And this post follows directly from the last one. Sorry, Jess, not a whole lot of action, but there is some good interaction--hopefully.
First draft. Please do not quote or repost anywhere. Thanks!
Quick synopsis. Anabelle Sturgis is the Special Examiner to the King. She's also a Fire Witch. She's named the fire elemental who keeps her company Flicker. She is investigating the murder of a family member of one of the Fifty (the nobility in this world), a Water Witch who has drowned--an impossibility that puzzles Anabelle. She, her ex-husband Jonathon, and Jonathon's brother, Patrick, are attempting to interview Eli Gorham, a Patriarch and father of the murdered Water Witch. Anabelle succeeds in gaining an interview, which doesn't go all that well.
Anabelle seated herself on an uncomfortable settee. The two men settled gingerly on the edge of spindly-legged, brocaded chairs. Now that she had nothing to distract her, Anabelle felt the uneasy grumble from Flicker. She kept her hands and arms prudently away from the fabric of the settee.
“So, how have you been, Jonathon?” Anabelle said at last.
He glowered at her from beneath his thick black brows. “Not eating enough, apparently. I haven’t heard from you in months. I’d like to have a conversation, but not here, and not now, Anabelle. If you would do me the honor of inviting me to the house,” he said with heavy irony.
Anabelle’s lips tightened. “You spent little enough time there when you had the run of the place. Don’t blame me if you no longer feel welcome.”
“If you two are finished sniping at each other, you could call a truce,” Patrick said.
The opening door prevented further conversation along those lines. The butler and another servant came inside.
“His Lordship will see you in the Green Room, Special Examiner. If Sheriff Sturgis and Deputy Sturgis will follow Chartrand, he will assist you in questioning the staff.”
Anabelle followed the butler down the hallway. The Green Room turned out to be a formal affair, decorated as coldly and mausoleum-like as the drawing room. The walls were, indeed, an ugly olive green, and, she supposed, the reason for the name. Eli Gorham, his wife, and a young girl of about fifteen summers sat in the room. Gorham had risen and bowed when the butler had announced her and withdrew.
“Lord and Lady Gorham, Miss Gorham, I thank you for granting me this interview on such short notice.” Anabelle gave them a formal curtsey.
A chilly smile graced Gorham’s face. “Special Examiner. So nice to see manners. One meets so many jumped-up folk in law enforcement these days.”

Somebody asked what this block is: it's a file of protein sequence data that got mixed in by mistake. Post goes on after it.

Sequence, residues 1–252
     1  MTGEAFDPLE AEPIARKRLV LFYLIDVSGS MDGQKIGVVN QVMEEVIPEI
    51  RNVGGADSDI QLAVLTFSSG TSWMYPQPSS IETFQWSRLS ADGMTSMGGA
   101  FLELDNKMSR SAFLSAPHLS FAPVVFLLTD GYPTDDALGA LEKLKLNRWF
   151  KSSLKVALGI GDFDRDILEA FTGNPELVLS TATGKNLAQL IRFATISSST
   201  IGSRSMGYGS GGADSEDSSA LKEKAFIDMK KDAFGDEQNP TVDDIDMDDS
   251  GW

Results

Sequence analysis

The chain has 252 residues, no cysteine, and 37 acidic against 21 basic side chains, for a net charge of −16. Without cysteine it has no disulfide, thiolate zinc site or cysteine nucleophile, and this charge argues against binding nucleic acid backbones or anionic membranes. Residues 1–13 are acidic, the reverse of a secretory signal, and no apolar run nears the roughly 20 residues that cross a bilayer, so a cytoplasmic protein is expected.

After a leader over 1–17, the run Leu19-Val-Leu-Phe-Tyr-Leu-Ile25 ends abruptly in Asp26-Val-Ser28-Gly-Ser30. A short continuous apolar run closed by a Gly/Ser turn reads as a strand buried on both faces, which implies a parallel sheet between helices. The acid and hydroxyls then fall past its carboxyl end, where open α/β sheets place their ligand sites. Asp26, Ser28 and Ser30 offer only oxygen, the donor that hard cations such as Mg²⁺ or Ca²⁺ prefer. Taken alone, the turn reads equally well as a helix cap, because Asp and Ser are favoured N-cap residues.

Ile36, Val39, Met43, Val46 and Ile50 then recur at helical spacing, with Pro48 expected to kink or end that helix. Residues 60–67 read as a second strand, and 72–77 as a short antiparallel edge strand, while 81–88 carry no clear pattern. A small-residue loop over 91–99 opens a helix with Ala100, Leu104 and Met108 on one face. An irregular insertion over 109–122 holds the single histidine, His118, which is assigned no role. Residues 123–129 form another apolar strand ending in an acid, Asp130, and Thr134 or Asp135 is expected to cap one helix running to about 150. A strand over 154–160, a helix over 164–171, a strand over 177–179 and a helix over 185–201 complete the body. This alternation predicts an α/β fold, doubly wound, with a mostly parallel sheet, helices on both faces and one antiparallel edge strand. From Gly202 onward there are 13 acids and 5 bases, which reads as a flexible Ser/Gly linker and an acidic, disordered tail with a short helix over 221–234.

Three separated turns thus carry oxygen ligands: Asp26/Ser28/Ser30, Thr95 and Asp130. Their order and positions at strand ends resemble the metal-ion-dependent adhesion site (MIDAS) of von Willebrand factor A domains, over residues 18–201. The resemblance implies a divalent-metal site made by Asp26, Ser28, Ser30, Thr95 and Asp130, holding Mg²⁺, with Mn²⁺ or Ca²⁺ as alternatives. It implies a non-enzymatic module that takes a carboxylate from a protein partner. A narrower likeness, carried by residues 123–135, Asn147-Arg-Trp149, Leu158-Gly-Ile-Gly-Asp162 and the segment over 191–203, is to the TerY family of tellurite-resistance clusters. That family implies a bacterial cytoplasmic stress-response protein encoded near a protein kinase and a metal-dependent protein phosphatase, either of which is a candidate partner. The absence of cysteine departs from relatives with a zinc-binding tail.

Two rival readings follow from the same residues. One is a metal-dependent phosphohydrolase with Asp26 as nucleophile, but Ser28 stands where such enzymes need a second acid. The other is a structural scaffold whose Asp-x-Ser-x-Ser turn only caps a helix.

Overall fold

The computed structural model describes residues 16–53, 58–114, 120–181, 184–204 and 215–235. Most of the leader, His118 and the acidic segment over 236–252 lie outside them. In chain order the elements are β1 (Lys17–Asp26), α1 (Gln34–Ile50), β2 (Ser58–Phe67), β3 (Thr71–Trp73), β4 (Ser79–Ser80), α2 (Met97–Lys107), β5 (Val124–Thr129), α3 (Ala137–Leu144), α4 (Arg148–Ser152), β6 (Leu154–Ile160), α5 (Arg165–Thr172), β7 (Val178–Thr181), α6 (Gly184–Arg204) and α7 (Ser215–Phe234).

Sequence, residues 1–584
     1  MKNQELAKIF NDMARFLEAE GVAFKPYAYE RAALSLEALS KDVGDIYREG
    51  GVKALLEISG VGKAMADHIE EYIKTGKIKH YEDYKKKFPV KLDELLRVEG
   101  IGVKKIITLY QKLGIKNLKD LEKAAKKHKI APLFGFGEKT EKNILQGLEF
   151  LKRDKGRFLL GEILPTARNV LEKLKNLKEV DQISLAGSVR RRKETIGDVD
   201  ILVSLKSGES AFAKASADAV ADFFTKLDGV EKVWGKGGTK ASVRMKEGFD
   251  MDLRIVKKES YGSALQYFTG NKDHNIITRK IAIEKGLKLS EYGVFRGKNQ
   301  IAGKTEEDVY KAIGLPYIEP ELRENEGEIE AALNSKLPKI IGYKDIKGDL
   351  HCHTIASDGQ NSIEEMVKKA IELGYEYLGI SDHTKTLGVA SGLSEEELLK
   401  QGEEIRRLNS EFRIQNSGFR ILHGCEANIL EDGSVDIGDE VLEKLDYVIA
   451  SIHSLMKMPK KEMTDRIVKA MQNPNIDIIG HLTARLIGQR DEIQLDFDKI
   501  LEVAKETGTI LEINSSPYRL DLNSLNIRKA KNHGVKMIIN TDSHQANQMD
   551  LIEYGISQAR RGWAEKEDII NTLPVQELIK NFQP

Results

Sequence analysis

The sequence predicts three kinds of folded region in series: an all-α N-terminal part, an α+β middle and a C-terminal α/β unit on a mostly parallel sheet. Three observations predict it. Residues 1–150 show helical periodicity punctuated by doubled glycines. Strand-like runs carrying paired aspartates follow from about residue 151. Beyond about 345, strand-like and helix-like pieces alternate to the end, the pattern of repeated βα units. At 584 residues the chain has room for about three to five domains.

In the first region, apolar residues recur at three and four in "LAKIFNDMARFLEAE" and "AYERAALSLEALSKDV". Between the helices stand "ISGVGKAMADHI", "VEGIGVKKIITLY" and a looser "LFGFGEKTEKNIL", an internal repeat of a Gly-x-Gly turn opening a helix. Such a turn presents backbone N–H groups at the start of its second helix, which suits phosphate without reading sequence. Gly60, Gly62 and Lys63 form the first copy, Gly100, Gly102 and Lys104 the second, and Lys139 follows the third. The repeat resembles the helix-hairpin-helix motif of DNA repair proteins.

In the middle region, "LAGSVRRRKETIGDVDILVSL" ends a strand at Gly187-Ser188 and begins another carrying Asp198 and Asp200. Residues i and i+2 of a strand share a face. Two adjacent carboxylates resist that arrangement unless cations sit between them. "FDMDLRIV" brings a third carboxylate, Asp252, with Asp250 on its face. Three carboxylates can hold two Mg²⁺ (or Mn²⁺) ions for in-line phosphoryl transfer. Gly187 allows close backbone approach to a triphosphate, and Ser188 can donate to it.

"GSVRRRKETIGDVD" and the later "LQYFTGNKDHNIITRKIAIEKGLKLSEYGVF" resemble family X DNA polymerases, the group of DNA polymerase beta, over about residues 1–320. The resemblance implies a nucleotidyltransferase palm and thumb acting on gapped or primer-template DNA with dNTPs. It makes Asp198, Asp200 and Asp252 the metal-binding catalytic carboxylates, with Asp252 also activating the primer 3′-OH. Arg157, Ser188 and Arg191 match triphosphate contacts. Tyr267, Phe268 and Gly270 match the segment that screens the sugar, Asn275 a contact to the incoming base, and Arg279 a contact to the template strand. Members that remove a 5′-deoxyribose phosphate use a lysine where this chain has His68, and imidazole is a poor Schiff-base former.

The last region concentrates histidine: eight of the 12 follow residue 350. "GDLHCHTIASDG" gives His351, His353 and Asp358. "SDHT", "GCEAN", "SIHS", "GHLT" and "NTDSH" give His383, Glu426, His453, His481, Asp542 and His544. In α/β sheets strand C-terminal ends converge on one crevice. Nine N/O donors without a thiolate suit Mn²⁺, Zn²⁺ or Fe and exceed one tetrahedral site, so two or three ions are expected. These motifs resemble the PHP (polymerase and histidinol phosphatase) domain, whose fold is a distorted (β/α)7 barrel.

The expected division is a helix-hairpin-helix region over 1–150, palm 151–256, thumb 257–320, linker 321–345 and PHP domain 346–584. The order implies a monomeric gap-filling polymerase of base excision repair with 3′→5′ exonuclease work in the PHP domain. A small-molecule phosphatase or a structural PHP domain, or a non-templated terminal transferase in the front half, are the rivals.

Anabelle set her teeth at the implied insult, but she said smoothly, “Anabelle, please. I hope to keep this is as painless as possible, my lord.”
“That’s good to hear, Anabelle.” He gestured to nearby seating. “Won’t you sit down?”
She sat down in a chair that could have doubled for a slab of rock. She discreetly surveyed the Gorhams. Lady Mary Gorham had been crying. Her eyes and nose were pink, and her cheeks still blotched. Lord Eli Gorham looked impatient and cold. Miss Elizabeth Gorham’s expression interested Anabelle the most---suppressed excitement, almost glee, as if the girl kept a secret that it pleased her no one else knew.
“First, let me say how sorry I am for Minna’s death. I know this is hard, but to find out what happened to her, I must ask questions. When was the last time any of you saw Minna?”
“My daughter went to bed that night at her usual time,” Gorham said in an acrid voice.
“And that time was…?”
“Eleven o’clock,” he said.
“Did she seem different in any way?” she asked.
Gorham raised a brow. “Different, Anabelle?”
Gorham bristled. “What are you implying, Special Examiner?”
Anabelle cocked her head. “Implying, my lord? I’m not implying anything. I’m merely asking after Minna’s state of mind. Anything that might give us a clue as to why she was found in a lake miles away from here in the middle of the night.” With no clothes on. She stopped herself from saying the rest.
Lady Gorham made a soft sound and put a hand to her lips.
Gorham flicked his wife an impatient glance. He turned to pin Anabelle with a hard stare. “Let me make something very clear, Special Examiner. None of us had anything to do with our daughter’s death. She was fine the night she went to bed, and none of us saw or heard anything until one of your people came to our door the next day. I know your type. Pestering us with useless questions while the real perpetrator goes free strikes me as a poor use of your time and my money. Now, unless you have something of interest to relate, please stop upsetting me and my wife and go earn your pay.”
Instant rage blossomed in Anabelle. An uneasy Flicker fueled the emotion until Anabelle felt herself spiral out of control.
“My type?” she said, her voice deadly quiet.
Lady Gorham made an involuntary gesture. Elizabeth Gorham stopped smirking and watched Anabelle with fascination. Gorham paused, apparently having just enough sense to realize he might have made a serious mistake.
When Anabelle continued, she felt as if her words were backed by flames. “My father was just such a man as you---arrogant, hard, unloving. Always sure that he knew best, always ruling his household with an iron fist. Until the day they carted my mother away, and he spent the rest of his miserable life in seclusion, ignoring his own son and daughter as if they didn’t even exist. You and my father could have been twins, Lord Gorham.”
He jumped to his feet, fist clenching. “How dare you speak to me like that!” he snarled.
She stood, feeling the heat emanate from her body, and stared him down. Gorham actually took a step back.
“I am the Special Examiner to the King, and my father was Lord Hollings, Advisor to the former King. I dare.”
She turned and walked out of the room, trying to tamp down on her temper before her clothes, and possibly everything around her, reached incendiary point.